In our news wrap Monday, governors in New York and California signed bills that raise their minimum wage to the highest in the nation over time. Also, the Supreme Court unanimously upheld a Texas law that counts overall population, not just eligible voters, in drawing districts.
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Good evening. I'm Gwen Ifill. Judy Woodruff is away.
On the "NewsHour" tonight: inside the Panama Papers, how one of the largest data leaks in history allegedly shows world leaders using offshore companies to hide their wealth.
Also ahead, the battle for Wisconsin. Both parties' front-runners face hurdles, as candidates make a final push before tomorrow's primary.
And with the falling price of oil, one of America's most reliable allies against ISIS is going broke.
SAFIN DIZAYI, Spokesman, Kurdistan Regional Government:
Often, people say that Peshmergas are fighting on behalf of the international community and the free world. If that is the case, then there has to be more assistance.
All that and more on tonight's "PBS NewsHour."
In the day's other news: It was primary eve in Wisconsin, and the campaigning went on almost nonstop. On the Republican side, both Donald Trump and Ted Cruz predicted victory. And Democrat Bernie Sanders talked of scoring a win over front-runner Hillary Clinton. We will get a report from Wisconsin, and review the race in general, later in the program.
Two big state governors signed bills today taking their minimum wage to the highest in the nation. In California, the state live-streamed Governor Jerry Brown's signing of a new law which by 2022 will raise the wage from $10 to $15 an hour.
GOV. JERRY BROWN (D), California: This is about economic justice. It's about people. It's about creating a little, tiny balance in a system that every day becomes more unbalanced.
And, in New York, Governor Andrew Cuomo signed a bill setting a $15 minimum for New York City and its suburbs by 2021. The rest of the state will rise to $12.50 an hour. President Obama today commended the state efforts. He urged Congress to hike the federal minimum as well.
The Supreme Court has unanimously upheld a Texas law in the latest battle over legislative districts. The law counts overall population, not just eligible voters, in drawing districts. Challengers said that means some end up with far more voters than others. But the court ruled the method doesn't violate the principle of one person, one vote.
Amtrak trains in the Northeast are back on normal schedules, after Sunday's collision that killed two maintenance workers. It happened when a southbound train struck heavy maintenance equipment and derailed outside Philadelphia. CNN reported today the maintenance workers were on the wrong track, but it remains unclear why.
Brussels' main airport ramped up departures today after partially reopening on Sunday. The facility had been closed since last month's attacks. Security was tight today, as passengers went through stricter check-in procedures. Many said it's about pushing on, in spite of the terrorists.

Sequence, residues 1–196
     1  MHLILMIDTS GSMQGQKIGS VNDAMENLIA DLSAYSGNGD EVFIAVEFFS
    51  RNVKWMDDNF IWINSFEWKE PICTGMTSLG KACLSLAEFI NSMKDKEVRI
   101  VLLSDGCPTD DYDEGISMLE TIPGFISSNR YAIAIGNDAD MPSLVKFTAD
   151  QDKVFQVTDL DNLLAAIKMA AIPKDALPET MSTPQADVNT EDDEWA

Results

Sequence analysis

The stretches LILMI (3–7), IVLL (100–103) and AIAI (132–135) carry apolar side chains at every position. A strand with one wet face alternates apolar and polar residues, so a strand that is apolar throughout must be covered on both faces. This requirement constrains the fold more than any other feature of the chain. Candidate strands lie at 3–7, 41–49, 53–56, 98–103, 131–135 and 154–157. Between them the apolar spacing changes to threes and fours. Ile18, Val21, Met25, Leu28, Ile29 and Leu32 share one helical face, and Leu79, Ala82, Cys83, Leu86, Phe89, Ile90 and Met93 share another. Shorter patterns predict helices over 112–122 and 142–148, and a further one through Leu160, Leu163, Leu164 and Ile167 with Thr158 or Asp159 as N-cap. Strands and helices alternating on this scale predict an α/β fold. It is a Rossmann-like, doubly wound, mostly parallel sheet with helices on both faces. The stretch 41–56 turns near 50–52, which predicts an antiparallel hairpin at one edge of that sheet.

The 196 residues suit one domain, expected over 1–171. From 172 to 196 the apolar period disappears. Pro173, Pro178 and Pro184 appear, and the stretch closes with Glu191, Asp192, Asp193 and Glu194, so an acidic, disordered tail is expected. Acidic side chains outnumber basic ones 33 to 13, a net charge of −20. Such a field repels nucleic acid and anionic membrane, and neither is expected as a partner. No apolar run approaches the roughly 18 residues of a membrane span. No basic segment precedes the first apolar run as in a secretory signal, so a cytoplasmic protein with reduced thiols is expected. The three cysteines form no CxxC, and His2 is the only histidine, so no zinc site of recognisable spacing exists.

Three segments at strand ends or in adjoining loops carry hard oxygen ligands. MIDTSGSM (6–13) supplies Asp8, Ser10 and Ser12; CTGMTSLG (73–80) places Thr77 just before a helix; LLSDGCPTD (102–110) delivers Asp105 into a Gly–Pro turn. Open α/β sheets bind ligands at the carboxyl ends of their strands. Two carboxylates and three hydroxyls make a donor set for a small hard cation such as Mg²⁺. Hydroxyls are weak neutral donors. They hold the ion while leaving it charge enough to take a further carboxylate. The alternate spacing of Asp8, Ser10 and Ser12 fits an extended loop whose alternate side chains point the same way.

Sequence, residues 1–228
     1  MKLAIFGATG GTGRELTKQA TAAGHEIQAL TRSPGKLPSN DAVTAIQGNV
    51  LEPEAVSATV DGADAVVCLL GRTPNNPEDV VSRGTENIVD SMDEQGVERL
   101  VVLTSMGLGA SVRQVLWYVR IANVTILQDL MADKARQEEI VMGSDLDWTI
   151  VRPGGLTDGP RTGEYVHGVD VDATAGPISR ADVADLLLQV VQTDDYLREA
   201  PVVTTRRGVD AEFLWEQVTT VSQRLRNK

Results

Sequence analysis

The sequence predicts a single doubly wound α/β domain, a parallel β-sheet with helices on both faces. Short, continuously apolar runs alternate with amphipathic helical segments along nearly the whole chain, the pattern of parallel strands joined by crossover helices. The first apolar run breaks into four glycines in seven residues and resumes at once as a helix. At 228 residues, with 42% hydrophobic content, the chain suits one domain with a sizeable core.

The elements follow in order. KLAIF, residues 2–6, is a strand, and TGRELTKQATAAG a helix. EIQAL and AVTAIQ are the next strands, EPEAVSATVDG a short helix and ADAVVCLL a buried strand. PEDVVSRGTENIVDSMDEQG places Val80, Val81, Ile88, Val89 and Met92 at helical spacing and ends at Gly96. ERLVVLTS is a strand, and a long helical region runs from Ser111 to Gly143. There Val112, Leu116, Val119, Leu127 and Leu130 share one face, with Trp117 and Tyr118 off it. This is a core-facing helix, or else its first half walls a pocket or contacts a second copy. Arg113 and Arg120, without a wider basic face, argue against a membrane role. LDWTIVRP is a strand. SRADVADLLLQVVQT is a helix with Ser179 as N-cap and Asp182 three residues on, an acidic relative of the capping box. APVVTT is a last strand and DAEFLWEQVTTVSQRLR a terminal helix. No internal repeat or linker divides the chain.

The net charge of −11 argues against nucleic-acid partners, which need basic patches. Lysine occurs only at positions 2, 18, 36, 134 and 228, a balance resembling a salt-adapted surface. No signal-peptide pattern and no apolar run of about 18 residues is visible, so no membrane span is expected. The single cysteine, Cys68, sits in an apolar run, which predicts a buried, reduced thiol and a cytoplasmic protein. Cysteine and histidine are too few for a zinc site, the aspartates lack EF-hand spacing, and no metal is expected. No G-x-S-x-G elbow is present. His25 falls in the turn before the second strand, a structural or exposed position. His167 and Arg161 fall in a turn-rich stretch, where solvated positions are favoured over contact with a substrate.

RUDI SCHITS, Traveler (through interpreter):
It's terribly sad, what happened at the airport. And my first reaction wasn't to go on holiday anymore, but after a couple of days, I thought that life should go on and that we have to resume all activities. We have to straighten our backs and go on.
Twenty flights were scheduled to leave today, up from three yesterday. Officials say it will be months before full service is restored.
In Iraq, a string of suicide attacks killed 29 people. At least 14 died at a restaurant that's popular with Shiite fighters in the south. and in Basra, a car bomb in a commercial district left five dead. Search teams sifted through the charred hulks of cars looking for victims. Islamic State extremists claimed responsibility for most of the attacks.
Back in this country, a new analysis finds prices of widely used medications have shot up sharply in five years. Reuters reports manufacturers of four of the top 10 drugs in the U.S. raised prices by more than 100 percent since 2011. The cost of six other medicines increased by more than 50 percent in that time, among them, the arthritis drugs Humira and Enbrel, and the asthma drug Advair.
Heart patients have some new developments to talk over with their doctors. Findings published this week show anti-cholesterol statin drugs can prevent heart attacks even in patients with only a borderline risk. And for those who don't tolerate statins well, another study finds an alternative is showing promise. It's known as a PCSK9 inhibitor.
BP's record settlement over the 2010 Gulf oil spill has cleared its final hurdle. A federal judge in New Orleans today approved the roughly $20 billion deal. Much of it will go to state and local governments. In 2012, BP reached a similar settlement on private damage claims.
And on Wall Street, the Dow Jones industrial average lost more than 55 points to close at 17737. The Nasdaq fell 22 points, and the S&P 500 slipped six.
Still to come on the "NewsHour": the Panama Papers, a massive trove of documents exposing the secret world of shell companies and offshore accounts; In Wisconsin, the final push for votes as polls predict tight races for both Democrats and Republicans; and much more.